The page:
Midshaft humeral fractures in children
- Leticia Manning Ryan, MD, MPH, FAAP
Leticia Manning Ryan, MD, MPH, FAAP
- Assistant Professor of Pediatrics
- Division of Emergency Medicine
- Johns Hopkins Children's Center
- Section Editor
- Richard G Bachur, MD
Richard G Bachur, MD
- Section Editor — Pediatric Trauma
- Professor of Pediatrics and Emergency Medicine
- Harvard Medical School
- Deputy Editor
- James F Wiley, II, MD, MPH
James F Wiley, II, MD, MPH
- Senior Deputy Editor — UpToDate
- Deputy Editor — Adult and Pediatric Emergency Medicine
- Deputy Editor — Primary Care Sports Medicine (Adolescents and Adults)
- Clinical Professor of Pediatrics and Emergency Medicine/Traumatology
- University of Connecticut School of Medicine
Fractures of the humeral shaft are uncommon, representing less than 10 percent of all fractures in children . One of the most important features of humeral fractures in children is their ability to remodel and heal with minimal to no deformity despite displacement and angulation. The majority of these fractures can be treated by immobilization alone.
This review addresses midshaft fractures of the humerus in children. Fractures of the proximal and distal humerus, including supracondylar fractures, are presented separately. (See "Evaluation and management of supracondylar fractures in children" and "Epicondylar and transphyseal elbow fractures in children" and "Evaluation and management of condylar elbow fractures in children" and "Proximal humeral fractures in children".)
A thick periosteal sleeve is present along the humeral shaft that limits fracture displacement and promotes healing after fracture . (See "General principles of fracture management: Fracture patterns and description in children", section on 'Fracture patterns'.)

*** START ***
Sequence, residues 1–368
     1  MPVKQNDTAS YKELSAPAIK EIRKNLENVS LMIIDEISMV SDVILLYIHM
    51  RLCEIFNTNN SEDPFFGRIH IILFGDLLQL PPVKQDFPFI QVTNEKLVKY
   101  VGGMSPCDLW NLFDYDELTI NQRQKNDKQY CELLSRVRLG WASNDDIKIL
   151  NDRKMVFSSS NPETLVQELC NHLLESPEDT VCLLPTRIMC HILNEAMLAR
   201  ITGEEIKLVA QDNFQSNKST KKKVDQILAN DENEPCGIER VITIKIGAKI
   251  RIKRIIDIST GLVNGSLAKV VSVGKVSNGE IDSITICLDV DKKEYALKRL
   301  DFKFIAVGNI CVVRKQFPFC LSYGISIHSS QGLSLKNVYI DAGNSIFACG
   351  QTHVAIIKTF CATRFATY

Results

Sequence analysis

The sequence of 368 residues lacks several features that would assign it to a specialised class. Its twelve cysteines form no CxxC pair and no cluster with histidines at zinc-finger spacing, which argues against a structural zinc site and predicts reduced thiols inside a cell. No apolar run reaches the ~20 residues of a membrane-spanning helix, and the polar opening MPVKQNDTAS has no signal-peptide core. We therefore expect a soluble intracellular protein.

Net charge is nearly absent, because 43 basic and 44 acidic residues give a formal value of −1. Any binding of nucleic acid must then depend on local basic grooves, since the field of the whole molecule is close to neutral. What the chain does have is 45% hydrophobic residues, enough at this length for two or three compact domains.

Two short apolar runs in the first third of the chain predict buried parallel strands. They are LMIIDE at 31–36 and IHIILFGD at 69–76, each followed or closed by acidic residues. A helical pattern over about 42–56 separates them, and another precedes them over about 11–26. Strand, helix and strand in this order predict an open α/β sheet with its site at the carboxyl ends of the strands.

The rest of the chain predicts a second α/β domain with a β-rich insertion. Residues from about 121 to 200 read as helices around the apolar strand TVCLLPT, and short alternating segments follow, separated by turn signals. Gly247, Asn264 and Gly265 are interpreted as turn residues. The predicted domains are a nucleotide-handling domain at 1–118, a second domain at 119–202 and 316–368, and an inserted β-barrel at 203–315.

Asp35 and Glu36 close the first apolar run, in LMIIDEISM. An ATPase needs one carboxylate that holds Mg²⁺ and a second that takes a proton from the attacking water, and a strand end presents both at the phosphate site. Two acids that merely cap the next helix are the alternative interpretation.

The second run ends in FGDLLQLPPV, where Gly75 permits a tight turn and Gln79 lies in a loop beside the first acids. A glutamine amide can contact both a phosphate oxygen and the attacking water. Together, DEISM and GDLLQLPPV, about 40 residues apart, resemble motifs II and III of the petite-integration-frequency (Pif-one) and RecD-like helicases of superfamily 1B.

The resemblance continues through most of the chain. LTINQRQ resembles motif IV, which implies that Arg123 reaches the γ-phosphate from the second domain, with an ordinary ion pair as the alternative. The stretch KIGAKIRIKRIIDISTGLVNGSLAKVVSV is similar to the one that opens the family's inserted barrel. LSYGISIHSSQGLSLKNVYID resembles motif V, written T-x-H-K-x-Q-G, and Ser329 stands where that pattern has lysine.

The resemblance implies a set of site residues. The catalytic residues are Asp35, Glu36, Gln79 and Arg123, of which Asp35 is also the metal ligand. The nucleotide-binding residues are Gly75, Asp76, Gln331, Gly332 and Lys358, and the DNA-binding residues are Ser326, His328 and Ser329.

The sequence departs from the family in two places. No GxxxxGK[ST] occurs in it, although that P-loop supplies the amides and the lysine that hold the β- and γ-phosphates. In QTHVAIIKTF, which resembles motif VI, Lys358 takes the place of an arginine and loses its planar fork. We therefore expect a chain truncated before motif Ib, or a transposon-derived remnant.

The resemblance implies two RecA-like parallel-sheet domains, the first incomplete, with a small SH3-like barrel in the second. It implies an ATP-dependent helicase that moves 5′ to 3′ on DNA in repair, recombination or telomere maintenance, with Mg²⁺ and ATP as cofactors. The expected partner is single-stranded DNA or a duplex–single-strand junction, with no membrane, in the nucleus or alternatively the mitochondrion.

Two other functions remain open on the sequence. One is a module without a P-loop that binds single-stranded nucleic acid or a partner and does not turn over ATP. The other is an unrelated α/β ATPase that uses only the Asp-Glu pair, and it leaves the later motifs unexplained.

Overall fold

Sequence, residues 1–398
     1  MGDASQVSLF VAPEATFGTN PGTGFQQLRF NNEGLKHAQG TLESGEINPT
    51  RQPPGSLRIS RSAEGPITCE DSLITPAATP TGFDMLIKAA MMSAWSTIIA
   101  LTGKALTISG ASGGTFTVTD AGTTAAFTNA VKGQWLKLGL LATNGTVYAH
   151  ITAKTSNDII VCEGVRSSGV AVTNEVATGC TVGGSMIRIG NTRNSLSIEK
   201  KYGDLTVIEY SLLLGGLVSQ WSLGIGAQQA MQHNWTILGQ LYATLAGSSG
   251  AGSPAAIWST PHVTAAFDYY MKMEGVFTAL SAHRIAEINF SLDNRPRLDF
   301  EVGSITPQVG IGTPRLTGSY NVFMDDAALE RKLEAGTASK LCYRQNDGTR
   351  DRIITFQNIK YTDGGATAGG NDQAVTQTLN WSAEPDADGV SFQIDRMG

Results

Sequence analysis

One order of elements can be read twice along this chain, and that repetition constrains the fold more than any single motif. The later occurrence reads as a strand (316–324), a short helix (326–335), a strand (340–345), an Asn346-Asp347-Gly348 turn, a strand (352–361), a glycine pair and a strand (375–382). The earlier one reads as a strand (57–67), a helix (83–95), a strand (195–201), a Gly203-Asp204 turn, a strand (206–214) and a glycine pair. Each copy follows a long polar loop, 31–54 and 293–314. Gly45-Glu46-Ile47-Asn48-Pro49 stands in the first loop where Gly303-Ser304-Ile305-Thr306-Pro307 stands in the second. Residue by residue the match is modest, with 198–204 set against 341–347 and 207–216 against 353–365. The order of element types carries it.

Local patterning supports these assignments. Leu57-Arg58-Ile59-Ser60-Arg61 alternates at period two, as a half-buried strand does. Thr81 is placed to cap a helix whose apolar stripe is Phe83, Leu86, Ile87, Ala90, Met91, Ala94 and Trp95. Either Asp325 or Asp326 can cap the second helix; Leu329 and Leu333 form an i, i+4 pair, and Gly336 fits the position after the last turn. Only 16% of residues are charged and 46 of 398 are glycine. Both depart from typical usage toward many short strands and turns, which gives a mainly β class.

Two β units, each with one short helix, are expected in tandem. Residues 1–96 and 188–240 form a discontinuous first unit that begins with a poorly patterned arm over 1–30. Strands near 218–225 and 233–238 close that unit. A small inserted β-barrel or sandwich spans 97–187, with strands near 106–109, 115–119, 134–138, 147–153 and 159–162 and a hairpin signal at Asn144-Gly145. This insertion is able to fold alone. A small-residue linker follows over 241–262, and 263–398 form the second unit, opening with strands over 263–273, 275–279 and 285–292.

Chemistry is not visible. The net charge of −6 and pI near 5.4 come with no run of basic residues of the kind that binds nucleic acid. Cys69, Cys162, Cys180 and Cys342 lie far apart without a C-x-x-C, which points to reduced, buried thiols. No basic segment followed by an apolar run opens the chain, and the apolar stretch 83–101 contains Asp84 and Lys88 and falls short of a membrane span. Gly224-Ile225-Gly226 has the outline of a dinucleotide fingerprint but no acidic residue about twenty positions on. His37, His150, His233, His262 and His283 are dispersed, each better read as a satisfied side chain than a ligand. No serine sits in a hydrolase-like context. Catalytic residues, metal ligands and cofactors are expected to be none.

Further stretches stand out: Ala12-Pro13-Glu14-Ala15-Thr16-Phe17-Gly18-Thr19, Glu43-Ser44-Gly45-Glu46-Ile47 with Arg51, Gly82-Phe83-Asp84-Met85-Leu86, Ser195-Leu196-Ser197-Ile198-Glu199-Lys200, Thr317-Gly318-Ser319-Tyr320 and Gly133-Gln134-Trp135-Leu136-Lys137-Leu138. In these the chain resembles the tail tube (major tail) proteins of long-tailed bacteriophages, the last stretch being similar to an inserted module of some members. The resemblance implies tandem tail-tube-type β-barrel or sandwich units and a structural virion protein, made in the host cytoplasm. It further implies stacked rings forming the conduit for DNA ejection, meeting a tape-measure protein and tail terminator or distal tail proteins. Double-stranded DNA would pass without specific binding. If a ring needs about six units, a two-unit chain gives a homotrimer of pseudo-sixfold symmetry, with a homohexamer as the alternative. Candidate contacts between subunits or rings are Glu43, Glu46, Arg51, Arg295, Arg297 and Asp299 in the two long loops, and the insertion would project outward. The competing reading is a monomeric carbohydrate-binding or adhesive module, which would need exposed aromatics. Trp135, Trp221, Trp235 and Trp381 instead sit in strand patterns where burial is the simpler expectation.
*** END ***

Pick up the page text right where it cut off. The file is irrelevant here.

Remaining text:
Following a displaced midshaft humeral fracture, the radial nerve is at potential risk for injury. Although nerve injuries may rarely be associated with long-term sequelae, the majority are neurapraxias, such as temporary loss of nerve function (especially motor function) without anatomical nerve disruption.
MECHANISM OF INJURY
Neonates — The humerus is second only to the clavicle as the most commonly fractured bone associated with birth trauma. Neonatal humeral fractures result from rotation or hyperextension of the upper extremity during passage through the birth canal . A complete, transverse midshaft fracture at the medial third of the humerus is the typical fracture type and site (figure 1) .To continue reading this article, you must log in with your personal, hospital, or group practice subscription. For more information on subscription options, click below on the option that best describes you:
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- PERTINENT ANATOMY
- MECHANISM OF INJURY
- Children and adolescents
- Pathologic fracture
- Child abuse
- PHYSICAL FINDINGS
- Midshaft humeral fractures
- Neonatal fracture
- Associated findings
- RADIOGRAPHIC FINDINGS
- INITIAL TREATMENT
- Orthopedic consultation
- Child protection
- DEFINITIVE CARE
- Children and adolescents
- - Immobilization alone
- - Closed reduction
- - Surgical repair
- FOLLOW-UP CARE
- INFORMATION FOR PATIENTS
- SUMMARY AND RECOMMENDATIONS
- Physical findings
- Definitive care